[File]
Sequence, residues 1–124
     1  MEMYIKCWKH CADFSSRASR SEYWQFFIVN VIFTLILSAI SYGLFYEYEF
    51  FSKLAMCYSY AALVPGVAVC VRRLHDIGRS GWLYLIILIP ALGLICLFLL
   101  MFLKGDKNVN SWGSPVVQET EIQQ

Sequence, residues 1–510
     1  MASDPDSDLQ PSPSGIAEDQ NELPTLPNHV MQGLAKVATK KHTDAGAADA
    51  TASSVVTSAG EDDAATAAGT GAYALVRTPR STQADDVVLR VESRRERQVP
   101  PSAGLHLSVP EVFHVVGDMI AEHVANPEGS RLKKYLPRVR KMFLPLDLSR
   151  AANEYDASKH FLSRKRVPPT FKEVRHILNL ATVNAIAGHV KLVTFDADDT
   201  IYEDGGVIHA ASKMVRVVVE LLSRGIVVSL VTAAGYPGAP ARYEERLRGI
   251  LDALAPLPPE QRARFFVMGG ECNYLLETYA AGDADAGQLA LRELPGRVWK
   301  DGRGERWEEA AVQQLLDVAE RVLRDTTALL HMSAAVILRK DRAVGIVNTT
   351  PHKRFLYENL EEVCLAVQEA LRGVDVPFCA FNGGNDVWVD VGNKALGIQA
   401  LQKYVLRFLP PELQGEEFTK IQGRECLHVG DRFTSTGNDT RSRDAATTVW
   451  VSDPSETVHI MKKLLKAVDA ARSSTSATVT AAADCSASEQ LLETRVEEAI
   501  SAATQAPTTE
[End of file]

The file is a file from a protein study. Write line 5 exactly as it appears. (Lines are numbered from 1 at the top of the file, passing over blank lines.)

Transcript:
Sequence, residues 1–510